Section: Opinion

Student Council lacks diversity, and it’s a problem

Societal pressures on female students a deterrent

Last week during the Student Council working group elections, I became  concerned about the number of women participating in student government at Kenyon. Of the 17 people who ran for the eight positions, only three were women. Additionally, of the four running for Student Council president for next year, none is a woman. And yet, of the 22 people on Student Council this year, the top three positions — VP of academic affairs, VP of student life and president of Student Council — are held by women.  And more than half of the 1,700 students on this campus are women. This new trend of representatives not representing the demographic composition of the student body is surprising. Why is this happening? 

After time spent contemplating and shaking my head, here are my theories: When the competition gets tough, women feel intimidated and get pushed out, and/or women fear the social repercussions of being in a position of power on this campus. Both, in my opinion, are bullshit, though I empathize with both sentiments. 

Competition is incredibly intimidating. Sarah Adrianowycz ’16 (VP of student life) will tell you that even when I ran for president uncontested, I absolutely could not believe I had actually won. I asked her over and over if she was 100 percent sure. I did win, and I wasn’t even running against another person, let alone a man. Thanks to studies examining gendered differences in social settings, it has become clear that women are often conditioned to be more averse to competition than men (see “Gender and Competition,” Annual Review of Economics, May 2011).  Not to mention that given that a Student Council position is elected, it can read as a popularity contest, and thus losing an election can feel like rejection. Why not alter the narrative?  Why not now, and why not here? Let’s be conscious of these social trends and let’s fight against them.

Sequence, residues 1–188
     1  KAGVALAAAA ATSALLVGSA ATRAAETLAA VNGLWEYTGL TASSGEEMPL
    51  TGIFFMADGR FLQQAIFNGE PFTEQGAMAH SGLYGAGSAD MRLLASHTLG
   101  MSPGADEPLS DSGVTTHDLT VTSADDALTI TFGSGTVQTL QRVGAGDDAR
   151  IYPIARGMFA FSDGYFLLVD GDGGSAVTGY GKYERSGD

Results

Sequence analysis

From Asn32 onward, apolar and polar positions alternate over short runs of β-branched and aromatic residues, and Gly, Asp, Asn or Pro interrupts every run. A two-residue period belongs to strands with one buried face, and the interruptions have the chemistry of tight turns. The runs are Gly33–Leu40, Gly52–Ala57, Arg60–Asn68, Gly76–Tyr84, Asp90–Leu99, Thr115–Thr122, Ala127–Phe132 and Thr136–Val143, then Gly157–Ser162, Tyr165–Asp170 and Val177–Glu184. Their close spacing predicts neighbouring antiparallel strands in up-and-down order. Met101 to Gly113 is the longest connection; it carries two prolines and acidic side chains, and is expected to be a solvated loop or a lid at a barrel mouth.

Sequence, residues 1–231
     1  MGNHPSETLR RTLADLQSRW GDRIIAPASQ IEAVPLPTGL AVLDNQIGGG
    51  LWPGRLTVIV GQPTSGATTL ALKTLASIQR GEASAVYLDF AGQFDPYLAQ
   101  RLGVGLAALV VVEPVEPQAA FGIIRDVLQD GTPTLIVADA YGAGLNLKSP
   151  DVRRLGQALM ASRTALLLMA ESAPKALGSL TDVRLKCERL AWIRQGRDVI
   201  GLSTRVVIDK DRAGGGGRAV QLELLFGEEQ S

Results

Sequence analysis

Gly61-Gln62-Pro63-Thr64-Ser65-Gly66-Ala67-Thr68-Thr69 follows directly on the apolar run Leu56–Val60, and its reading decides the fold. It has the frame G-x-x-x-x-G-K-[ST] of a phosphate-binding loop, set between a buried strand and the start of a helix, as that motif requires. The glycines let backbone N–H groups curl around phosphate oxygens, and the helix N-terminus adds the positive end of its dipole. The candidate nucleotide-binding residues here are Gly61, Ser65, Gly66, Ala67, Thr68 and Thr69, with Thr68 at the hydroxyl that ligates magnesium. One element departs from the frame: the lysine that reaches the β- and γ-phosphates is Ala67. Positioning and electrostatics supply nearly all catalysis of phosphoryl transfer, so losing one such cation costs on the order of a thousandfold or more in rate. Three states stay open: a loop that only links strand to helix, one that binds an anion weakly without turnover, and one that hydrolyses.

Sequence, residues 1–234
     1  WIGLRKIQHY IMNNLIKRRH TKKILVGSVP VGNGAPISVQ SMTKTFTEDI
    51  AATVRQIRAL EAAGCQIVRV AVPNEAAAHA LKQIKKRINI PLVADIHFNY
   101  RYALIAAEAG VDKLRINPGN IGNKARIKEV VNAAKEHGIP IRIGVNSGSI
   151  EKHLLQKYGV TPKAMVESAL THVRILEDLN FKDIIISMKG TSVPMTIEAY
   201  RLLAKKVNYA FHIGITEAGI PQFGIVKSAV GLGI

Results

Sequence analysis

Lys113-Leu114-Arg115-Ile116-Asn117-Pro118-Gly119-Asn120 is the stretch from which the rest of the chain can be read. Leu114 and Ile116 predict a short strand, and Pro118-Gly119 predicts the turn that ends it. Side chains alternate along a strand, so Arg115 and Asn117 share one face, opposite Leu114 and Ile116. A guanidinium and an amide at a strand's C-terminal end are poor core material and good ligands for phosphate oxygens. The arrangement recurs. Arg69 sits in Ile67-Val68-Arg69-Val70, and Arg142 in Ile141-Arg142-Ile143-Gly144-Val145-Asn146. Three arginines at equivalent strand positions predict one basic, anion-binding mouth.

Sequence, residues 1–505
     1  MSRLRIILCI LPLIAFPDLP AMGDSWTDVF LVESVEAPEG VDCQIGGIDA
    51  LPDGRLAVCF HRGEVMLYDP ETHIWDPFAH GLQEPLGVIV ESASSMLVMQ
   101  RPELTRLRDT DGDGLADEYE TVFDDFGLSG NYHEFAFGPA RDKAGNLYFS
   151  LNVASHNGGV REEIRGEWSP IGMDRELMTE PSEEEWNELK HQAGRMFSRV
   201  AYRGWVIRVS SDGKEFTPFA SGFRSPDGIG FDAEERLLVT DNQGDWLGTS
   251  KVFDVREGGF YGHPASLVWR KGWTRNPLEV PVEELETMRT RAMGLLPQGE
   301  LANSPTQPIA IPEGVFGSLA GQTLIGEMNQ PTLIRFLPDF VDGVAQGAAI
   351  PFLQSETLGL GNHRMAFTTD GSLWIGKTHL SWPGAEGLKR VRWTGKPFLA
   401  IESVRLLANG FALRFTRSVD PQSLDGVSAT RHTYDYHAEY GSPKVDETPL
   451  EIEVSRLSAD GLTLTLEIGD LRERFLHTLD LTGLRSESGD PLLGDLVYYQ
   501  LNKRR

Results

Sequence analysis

I worry that because of societal expectations, women may consider the social repercussions of this position more than their male counterparts. This is upsetting because the opportunities offered to me, thanks to the experience I have had as Student Council president, are ones that will frame the rest of my professional life. In other words, the repercussions are worth it to me, a woman, just as I believe they would be to anyone of any gender.

I do not mean to vilify men’s positions in student government. I am confident every man on Student Council absolutely deserves to be there. I also do not mean to assume that my theories are correct. Maybe this year is a fluke.

Regardless, we must strive to have a Student Council that is representative of the students on this campus, in gender diversity and beyond. We are all strong, competitive, equal. We are all Kenyon students. Men, if you feel empowered, let’s keep it that way. Women, if you feel intimidated, bare your teeth. There’s no place for suppression on this campus. We have too much work to do. 

Student Council elections will take place from March 21-28. If you are interested in running for a student government position or getting more involved with Student Council, email

Phoebe Roe ’16, president of Student Council, is a psychology major from Pittsburgh. Contact her at


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